The 2017 Atlantic hurricane season was the costliest and most intense on record. The new reality of more destructive tropical storms due to climate change means that America's coasts—especially those in areas prone to hurricanes—are more vulnerable to erosion now than ever. This poses a critical challenge for many communities, as they must not only retrofit and build newer, more resilient coastal structures but also continuously repair damage to old ones.
One part of the mid-Atlantic that experiences particularly severe beach erosion is the outer banks of North Carolina. These shores must be frequently monitored in order to keep track of the effects of storms, hurricanes, and other natural events that gradually take their toll on the coastline. However, this task can be expensive, time-consuming, and logistically challenging. The agency responsible for this is the US Army Corps of Engineers (USACE), which conducts regularly scheduled beach renourishment projects along the shores of both North Carolina and South Carolina.
The challenge USACE faced was to survey the damage to the beaches in order to make the necessary and targeted fixes to mitigate the effects of weather. The method that is typically used in these types of land surveys is to use terrestrial lidar, where the surveyor must manually place stationary lidar scanners in designated areas to take readings. In an area that can sometimes encompass miles of shoreline that includes cliffs, rocks, and hard-to-access locations, this can be not only time-consuming but also dangerous to the surveyor taking the readings. The solution to this was a combination of drones and location intelligence technology, which freed surveyors from a landlocked viewpoint.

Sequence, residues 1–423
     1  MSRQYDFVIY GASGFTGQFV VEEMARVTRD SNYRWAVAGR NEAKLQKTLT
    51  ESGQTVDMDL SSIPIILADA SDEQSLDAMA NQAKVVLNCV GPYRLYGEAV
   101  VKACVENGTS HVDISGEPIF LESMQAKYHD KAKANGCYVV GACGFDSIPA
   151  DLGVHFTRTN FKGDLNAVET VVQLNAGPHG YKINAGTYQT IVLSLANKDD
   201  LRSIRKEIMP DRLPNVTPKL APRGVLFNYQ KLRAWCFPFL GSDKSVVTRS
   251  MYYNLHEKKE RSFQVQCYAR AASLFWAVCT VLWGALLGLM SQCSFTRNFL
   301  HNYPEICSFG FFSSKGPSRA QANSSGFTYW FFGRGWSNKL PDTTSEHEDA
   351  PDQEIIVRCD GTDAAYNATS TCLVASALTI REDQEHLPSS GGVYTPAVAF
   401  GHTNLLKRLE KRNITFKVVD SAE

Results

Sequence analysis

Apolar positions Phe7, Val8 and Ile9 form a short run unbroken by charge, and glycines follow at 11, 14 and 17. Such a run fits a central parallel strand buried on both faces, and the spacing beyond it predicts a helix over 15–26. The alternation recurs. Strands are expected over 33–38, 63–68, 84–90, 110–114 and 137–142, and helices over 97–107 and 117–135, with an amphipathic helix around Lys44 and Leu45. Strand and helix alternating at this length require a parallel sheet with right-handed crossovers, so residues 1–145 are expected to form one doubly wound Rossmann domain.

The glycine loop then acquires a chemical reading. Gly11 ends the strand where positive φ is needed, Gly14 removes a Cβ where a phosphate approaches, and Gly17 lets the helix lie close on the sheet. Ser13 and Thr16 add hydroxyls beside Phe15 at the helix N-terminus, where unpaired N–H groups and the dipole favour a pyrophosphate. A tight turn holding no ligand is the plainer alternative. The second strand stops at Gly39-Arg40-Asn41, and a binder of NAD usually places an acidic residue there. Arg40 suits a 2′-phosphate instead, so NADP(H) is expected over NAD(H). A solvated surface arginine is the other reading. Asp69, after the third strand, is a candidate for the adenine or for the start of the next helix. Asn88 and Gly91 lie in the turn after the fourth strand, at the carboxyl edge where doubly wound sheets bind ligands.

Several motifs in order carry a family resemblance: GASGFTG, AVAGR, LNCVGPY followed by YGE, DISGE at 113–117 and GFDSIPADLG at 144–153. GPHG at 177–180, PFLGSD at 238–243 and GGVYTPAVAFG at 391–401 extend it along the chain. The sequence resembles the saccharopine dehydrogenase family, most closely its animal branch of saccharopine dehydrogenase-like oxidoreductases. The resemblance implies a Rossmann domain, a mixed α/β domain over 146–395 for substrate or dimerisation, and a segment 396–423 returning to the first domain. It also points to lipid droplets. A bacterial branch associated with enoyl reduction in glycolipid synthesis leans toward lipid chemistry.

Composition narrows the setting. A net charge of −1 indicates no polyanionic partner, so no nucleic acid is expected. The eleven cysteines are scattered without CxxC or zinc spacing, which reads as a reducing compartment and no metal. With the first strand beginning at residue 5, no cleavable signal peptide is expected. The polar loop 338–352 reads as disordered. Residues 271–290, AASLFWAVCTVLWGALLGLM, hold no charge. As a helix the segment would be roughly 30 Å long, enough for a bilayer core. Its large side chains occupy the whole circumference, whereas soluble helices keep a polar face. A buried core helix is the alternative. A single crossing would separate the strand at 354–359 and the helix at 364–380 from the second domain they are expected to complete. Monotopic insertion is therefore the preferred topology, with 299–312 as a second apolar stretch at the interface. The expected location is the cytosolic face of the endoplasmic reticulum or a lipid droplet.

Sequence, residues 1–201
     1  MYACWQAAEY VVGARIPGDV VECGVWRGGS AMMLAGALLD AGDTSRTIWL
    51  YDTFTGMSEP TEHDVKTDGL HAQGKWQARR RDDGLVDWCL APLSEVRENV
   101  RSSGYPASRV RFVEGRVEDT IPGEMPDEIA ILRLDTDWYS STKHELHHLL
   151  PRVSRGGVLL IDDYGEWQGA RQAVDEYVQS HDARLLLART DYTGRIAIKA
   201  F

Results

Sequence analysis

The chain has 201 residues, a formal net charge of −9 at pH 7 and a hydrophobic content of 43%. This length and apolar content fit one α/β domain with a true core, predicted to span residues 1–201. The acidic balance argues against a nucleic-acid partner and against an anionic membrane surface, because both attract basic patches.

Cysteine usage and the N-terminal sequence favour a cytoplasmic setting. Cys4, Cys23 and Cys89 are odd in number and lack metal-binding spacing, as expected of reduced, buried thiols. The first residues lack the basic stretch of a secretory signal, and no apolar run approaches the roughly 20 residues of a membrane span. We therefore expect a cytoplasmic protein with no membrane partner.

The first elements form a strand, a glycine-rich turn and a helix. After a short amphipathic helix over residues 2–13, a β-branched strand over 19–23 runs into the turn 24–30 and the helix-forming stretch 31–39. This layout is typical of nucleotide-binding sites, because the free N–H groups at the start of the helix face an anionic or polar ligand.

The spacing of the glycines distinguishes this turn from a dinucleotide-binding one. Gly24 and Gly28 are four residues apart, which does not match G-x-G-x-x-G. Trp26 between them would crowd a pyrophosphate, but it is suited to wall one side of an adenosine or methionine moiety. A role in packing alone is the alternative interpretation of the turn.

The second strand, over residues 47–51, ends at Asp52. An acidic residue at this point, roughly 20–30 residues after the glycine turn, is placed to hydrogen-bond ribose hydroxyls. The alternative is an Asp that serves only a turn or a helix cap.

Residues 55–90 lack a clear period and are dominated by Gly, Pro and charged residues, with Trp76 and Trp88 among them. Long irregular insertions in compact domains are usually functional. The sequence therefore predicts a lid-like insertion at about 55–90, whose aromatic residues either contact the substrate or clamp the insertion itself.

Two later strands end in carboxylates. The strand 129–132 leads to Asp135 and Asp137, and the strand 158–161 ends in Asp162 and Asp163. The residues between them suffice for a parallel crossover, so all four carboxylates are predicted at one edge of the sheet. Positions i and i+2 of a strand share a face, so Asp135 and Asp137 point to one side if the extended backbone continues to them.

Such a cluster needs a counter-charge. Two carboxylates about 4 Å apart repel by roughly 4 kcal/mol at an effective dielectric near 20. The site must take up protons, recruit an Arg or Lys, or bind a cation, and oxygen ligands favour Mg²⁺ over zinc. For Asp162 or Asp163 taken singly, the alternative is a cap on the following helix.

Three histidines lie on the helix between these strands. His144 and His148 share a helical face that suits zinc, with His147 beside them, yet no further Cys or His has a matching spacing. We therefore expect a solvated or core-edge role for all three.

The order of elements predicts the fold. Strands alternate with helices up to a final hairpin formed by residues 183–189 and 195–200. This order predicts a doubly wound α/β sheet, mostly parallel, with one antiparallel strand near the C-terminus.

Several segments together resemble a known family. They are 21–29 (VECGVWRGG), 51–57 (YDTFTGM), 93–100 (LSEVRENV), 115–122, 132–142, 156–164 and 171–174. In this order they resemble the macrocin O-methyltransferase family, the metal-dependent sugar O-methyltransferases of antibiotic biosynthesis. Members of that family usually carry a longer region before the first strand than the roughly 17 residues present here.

Small, Agile, Accurate
The City of Wrightsville Beach, North Carolina, contacted location intelligence technology provider Esri and McKim & Creed, a civil engineering and surveying firm, to launch a pilot program to see if drones could be used to help city staff more efficiently assess coastline damage after severe storms and hurricanes. The USACE needs to conduct beach renourishment projects on a regular basis, so one of this project's specific aims was to evaluate whether low-cost commercial drones could produce accurate, high-resolution 2D and 3D geospatial data for beach renourishment surveys and volumetric measurements. Another goal was to enable USACE to understand the environmental impacts of using these drones. The teams from Esri and McKim & Creed were able to find and document all of these details by using Esri's application Drone2Map for ArcGIS, which allows users to quickly turn still photographic imagery taken from drones into 2D and 3D imagery products that can then be easily analyzed.
McKim & Creed placed 14 survey targets on the beach and randomly collected 22 blind checkpoints. After performing Dense Image Matching (DIM), the point clouds were compared to the blind checkpoints to verify accuracy. Speed was also a critical aspect of the project, as 75 acres of topographic data needed to be captured at a 1.05-inch resolution in less than 60 minutes. The comparison points were what the teams were looking at as they focused on how using drones compared to both conventional survey methods and terrestrial lidar.